Aug 30, 2013

Frampton, Hampton, Kartemquin, Bogdampton: the outs


A great addition to the lineup for the Orphan Film Symposium at Indiana University ("Materiality and the Moving Image"), September 26-28.

from the Frampton notebooks

The morning session on Saturday will now include scholar Ken Eisenstein screening his selection of outtakes from the films of Hollis Frampton. For a sample of the excellence of both Messrs. Eisenstein and Frampton, there is the excellent Blu-ray disc A Hollis Frampton Odyssey (Criterion #607), featuring 24 films (1966-1979), running 266 minutes, with a booklet containing essays by Mr. Eisenstein alongside Ed Halter, Bruce Jenkins, Michael Zryd, and another very good friend of the show, Bill Brand.

Register to attend the whole shootin' match in Bloomington:  65 presenters and dozens of moving image works in a variety of material formats, from celluloid film to DCP. Material dating from January 1894 to September 2013. Premieres, re-premieres of restorations, rediscoveries, never-screened films. With catering and other accoutrements. Keynote by Tom Gunning (U of Chicago).

Door prizes.

Here's the outtakes session:

Saturday, Sept. 28 in the Indiana University Cinema 
9:00am to 11:45am  Outs_&_Trims
  • Ken Eisenstein (Bucknell / Mount Holyoke) from Hollis Frampton
  • Carolyn Faber (Kartemquin Films) from Kartemquin Films
  • Nadia Ghasedi (Wash U) from Eyes on the Prize, Henry Hampton
  • Noelle Griffis (IU) from the IU Peter Bogdanovich Collection


Criterion bonus:
Hollis Frampton's Surface Tension (1968) 

Aug 25, 2013

Thursday @ Lincoln Center: Occupy and Beyond & George Stoney Tribute

Guest blogger for this post is Jon Dieringer. In addition to being a film curator in New York, he is also beginning his final year in NYU Cinema Studies' Moving Image Archiving and Preservation master's program.

Although Jon's text originated as an e-mail blast, it brings together several threads of film and video programming directly relevant to the Orphan Film ethos. In fact, looking over the programming below, I see that most of the filmmakers and others highlighted in bold have presented at past Orphan Film Symposiums in both NYC and Columbia, SC. The words are Jon's; the images and links were added.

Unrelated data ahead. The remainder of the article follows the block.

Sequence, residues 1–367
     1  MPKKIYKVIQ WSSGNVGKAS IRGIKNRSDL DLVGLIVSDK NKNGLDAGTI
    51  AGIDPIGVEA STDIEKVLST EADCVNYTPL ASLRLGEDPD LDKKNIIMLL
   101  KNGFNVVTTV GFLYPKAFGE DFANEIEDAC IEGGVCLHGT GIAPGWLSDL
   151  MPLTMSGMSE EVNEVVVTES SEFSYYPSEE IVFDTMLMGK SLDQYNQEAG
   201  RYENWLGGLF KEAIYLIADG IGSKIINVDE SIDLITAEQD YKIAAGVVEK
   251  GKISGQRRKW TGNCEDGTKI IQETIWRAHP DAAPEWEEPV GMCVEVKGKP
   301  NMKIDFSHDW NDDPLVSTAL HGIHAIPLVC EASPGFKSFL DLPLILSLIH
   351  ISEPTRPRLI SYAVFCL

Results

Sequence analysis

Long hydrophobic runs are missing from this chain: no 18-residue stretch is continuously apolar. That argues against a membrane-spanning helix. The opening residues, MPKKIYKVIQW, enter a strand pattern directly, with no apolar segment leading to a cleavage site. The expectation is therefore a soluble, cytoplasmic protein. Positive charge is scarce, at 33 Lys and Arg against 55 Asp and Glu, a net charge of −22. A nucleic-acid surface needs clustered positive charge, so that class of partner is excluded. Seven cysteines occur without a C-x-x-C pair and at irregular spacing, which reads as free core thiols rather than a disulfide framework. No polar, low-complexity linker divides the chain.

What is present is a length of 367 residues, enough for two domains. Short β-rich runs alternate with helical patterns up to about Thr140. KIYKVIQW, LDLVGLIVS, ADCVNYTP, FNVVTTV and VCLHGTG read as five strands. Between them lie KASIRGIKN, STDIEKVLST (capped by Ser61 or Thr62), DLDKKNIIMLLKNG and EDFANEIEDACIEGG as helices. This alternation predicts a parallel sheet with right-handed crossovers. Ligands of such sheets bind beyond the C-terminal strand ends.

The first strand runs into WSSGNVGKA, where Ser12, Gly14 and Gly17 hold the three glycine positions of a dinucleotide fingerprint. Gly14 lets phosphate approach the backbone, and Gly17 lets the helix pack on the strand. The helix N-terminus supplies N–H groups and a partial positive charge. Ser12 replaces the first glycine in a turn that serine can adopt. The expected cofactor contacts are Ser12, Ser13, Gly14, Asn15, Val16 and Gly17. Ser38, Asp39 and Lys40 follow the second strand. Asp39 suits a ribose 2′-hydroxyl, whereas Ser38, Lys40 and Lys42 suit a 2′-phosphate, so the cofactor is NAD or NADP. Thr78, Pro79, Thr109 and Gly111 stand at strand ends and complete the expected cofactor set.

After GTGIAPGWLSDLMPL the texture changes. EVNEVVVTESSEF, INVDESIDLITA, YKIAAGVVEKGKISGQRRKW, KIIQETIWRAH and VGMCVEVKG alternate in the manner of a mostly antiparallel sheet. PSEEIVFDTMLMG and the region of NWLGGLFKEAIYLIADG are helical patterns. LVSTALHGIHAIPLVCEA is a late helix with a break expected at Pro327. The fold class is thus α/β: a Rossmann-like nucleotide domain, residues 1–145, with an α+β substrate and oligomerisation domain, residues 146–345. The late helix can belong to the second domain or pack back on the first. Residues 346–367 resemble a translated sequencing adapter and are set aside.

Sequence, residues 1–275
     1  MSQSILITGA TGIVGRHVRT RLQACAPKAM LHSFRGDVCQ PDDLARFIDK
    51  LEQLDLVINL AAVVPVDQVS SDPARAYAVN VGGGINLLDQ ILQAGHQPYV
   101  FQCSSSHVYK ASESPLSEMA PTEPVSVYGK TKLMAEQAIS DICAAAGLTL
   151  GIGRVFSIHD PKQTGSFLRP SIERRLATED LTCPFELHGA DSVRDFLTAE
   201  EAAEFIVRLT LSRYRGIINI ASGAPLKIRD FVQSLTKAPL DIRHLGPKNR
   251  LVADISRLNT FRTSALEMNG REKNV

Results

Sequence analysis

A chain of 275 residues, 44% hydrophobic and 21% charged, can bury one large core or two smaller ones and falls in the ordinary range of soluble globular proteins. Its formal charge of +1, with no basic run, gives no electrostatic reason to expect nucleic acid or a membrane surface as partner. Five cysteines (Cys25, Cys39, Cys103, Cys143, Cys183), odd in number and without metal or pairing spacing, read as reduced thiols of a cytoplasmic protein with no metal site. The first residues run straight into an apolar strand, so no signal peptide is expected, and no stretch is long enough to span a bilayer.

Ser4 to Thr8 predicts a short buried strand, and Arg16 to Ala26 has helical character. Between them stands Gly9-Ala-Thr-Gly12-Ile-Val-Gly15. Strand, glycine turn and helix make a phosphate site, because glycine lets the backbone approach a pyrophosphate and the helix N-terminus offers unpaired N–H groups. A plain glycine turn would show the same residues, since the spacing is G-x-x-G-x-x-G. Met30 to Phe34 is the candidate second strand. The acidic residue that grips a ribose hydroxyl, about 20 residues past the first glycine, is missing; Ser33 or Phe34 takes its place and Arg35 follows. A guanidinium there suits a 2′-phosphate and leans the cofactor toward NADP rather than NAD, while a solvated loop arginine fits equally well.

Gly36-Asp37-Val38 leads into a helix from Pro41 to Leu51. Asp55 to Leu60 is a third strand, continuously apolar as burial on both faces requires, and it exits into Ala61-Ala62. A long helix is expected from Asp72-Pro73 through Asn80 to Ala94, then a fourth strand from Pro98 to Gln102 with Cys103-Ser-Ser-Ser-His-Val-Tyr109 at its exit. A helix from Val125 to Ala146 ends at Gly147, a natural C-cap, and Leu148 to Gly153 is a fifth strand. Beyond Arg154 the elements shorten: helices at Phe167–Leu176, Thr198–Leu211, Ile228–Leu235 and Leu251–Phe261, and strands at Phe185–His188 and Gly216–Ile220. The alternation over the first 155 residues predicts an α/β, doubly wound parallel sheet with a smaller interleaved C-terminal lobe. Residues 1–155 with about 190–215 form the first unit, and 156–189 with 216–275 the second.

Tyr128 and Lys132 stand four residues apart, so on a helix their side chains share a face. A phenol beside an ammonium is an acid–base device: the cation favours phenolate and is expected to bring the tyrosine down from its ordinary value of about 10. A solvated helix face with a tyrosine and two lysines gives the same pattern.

Jon Dieringer (photo:  • • • • • • • • • •  George Stoney at Orphans 5

Hey friends,

I wanted to send you notice of two events I've helped plan and co-organized this Thursday, August 29, which happen to be back-to-back and across the street from each other at the Lincoln Center for the Performing Arts Citadel on the island of Manhattan.

First up, at 6:00 pm at the New York Public Library for Performing Arts [Bruno Auditorium, 40 Lincoln Center Plaza] is the New York Film/Video Council's Second Annual George Stoney
Memorial Screening. George Stoney, who passed away just over a year ago at age 96, is a legendary filmmaker, teacher, activist, and a pioneer of both documentary film and public television. He was a virtually lifelong member and former president of the NYFVC, an organization that I have been proud to serve on the board of for just over one year now. For this year's screening, NYPL's Elena Rossi-Snook will introduce a program of New York City portraits set against a backbeat of community, faith and jazz: How to Look at a City (1964, 29 min.) and Shepherd of the Night Flock (1978, 59 min.). Both films screen from 16mm prints held by the NYPL's Reserve Film & Video collection, and admission is free and open to the public.

Then at 8:30 pm at the Film Society of Lincoln Center [Howard Gilman Theater, 144 West 65th Street], Occupy Wall Street and Beyond is a program I have organized in collaboration with Dennis Lim, FSLC's new Director of Programming. The program contains work shot in and around Zuccotti Park and kindred historical documents of protest, direct actions, and polemical performance. Among the work is a video of Occupy Cinema's direct actions at the Charging Bull statue, including a breathtaking projector performance by Bradley Eros and discussion with CUNY's Theories of Anti-Capitalist Movements class.

The program also includes work by Jack Smith w/ Ken Jacobs (Scotch Tape), Newsreel (The Case Against Lincoln Center, Garbage, Mill-In), Red Channels/Glass Bead Collective (From Wall Street to Wall Street to Wall Street), Jem Cohen (Gravity Hill Newsreels), and Zoe Beloff (Days of the Commune, excerpt). Rachael Rakes will moderate a conversation with Beloff, Cohen, Matt Petersen (of Red Channels), myself (of Occupy Cinema), and others TBA. Admission is $13 general, $9 students/seniors.